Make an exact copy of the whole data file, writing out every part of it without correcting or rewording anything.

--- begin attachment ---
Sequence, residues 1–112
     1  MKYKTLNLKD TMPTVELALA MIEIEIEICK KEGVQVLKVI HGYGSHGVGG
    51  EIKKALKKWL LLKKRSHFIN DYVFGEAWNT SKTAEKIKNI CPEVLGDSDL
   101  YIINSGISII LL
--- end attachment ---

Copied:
Sequence, residues 1–112
     1  MKYKTLNLKD TMPTVELALA MIEIEIEICK KEGVQVLKVI HGYGSHGVGG
    51  EIKKALKKWL LLKKRSHFIN DYVFGEAWNT SKTAEKIKNI CPEVLGDSDL
   101  YIINSGISII LL